High Dragon Bump
BY DON THOMPSON
If it took reduction or torch hair, the Cirissins wanted a bump. Hokum, thistle, gluck.
A young and very beautiful girl with golden blond hair and smooth skin the color of creamed sweet potatoes floated in the middle of the windowless metal room into which Wayne Brighton drifted. The girl was not exactly naked, but her few filmy clothes concealed nothing.
Wayne cleared his throat, his apprehension changing rapidly to confusion.
"You are going to reduce me?" he asked.
"The word is seduce, mister," the girl said. "They told me reduce, too, but they don't talk real good, and I think I'm supposed to seduce you so you'll tell 'em something, and then they'll let me go. I guess. I hope. What is it they wantcha to tell 'em?"
Wayne cleared his throat again, striving merely to keep a firm grip on his sanity. Things had been happening much too fast for him to have retained anything like his customary composure.
He said, "Well, they want me to get them a, uh—well, a high dragon bump." He pronounced the words carefully.
"So why dontcha?" the girl asked.
Wayne's voice rose. "I don't even know what it is. I told them and they don't believe me. Now you're here! I suppose if I can't be reduced—seduced—into getting them one, it will wind up with torch hair. Believe me, I never heard of a high dragon bump."
"Now, don't get panicky!" the girl pleaded. "After all, I'm scared too."
"I am not scared!" Wayne replied indignantly. But he realized that he was.
So far, in the hour or so he'd been a captive of the Cirissins, he'd managed to keep his fright pretty well subdued. He'd understood almost at once what had happened, and his first reaction had not been terror or even any great degree of surprise.
He was a scientist and he had a scientist's curiosity.
And at first the Cirissins—or the one that had done all the talking—had been cooperative in answering his questions. But then, when he wasn't able to comprehend what they meant by high dragon bump, they'd started getting impatient.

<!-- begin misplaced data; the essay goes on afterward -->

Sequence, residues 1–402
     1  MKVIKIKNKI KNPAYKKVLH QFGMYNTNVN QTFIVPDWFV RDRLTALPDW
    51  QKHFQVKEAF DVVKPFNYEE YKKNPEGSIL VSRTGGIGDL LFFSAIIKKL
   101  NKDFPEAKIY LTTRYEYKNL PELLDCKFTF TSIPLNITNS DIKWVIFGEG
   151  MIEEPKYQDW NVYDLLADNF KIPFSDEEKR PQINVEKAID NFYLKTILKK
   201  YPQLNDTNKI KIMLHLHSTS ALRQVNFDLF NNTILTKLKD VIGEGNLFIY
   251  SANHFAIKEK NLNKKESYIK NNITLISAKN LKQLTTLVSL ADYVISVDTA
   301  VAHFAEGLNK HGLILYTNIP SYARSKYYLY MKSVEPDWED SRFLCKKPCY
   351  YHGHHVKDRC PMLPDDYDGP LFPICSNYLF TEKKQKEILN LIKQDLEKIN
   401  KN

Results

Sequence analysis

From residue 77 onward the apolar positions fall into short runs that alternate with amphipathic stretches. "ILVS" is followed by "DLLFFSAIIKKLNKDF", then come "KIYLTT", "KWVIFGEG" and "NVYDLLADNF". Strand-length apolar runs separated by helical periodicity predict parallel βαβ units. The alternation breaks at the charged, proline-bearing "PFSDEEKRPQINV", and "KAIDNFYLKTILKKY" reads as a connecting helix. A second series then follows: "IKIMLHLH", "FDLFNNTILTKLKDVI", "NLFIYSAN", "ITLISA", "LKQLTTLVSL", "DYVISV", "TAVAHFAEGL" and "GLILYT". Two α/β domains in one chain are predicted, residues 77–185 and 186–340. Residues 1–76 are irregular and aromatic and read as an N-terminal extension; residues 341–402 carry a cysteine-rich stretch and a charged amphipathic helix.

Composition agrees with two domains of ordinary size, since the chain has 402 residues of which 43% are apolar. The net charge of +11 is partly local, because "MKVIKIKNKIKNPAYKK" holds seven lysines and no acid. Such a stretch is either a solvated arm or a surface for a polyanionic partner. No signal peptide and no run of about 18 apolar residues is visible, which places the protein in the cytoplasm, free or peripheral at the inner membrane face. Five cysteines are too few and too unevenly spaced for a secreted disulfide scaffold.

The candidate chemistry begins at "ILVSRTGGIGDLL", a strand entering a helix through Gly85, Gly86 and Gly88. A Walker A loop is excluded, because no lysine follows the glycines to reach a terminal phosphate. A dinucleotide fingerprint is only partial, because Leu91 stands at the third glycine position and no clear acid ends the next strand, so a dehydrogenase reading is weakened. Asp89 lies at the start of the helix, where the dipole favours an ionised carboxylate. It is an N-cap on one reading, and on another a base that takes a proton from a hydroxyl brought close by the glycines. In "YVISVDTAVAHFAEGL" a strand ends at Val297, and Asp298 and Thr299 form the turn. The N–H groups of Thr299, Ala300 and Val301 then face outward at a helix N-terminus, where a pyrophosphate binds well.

"What's your name?" he asked the girl. She was making gentle swimming motions with her hands and feet, moving gradually closer to him.
"Sheilah," she said. "Sheilah Ralue. I'm a model. I pose for pitchers. You know—for sexy magazines and calendars and stuff like that."
"I see. You were posing when—?"
"When they snatched me, yeah. Couple hours ago, I guess. The flash bulb went off and blinded me for a second like it always does, and I seemed to be falling. Then I was here. Only I still don't even know where here is. Do you? How come we don't weigh nothing? It's ghastly!"
"We're in a space ship," Wayne told her. "In free fall, circling earth a thousand miles or so out. I thought you at least knew we were in a space ship."
The girl said, "Oh, bull. We can't be in no space ship. How'd we get here so fast?"
"They have a matter transmitter, but I haven't the slightest idea of how it works. Obviously it's limited to living creatures or they could just as well have taken whatever it is they want instead of ... You don't happen to know what a high dragon bump is, do you?"
"Don't be dumb. Of course I ... well, unless it's a dance or something. I use to be a dancer, ya know. Sort of."
"With bubbles, I imagine," Wayne said.
"Tassels. They was my specialty. But there's more money in posing for pitchers, and the work ain't quite so—"
"I doubt that a high dragon bump is a dance," Wayne said.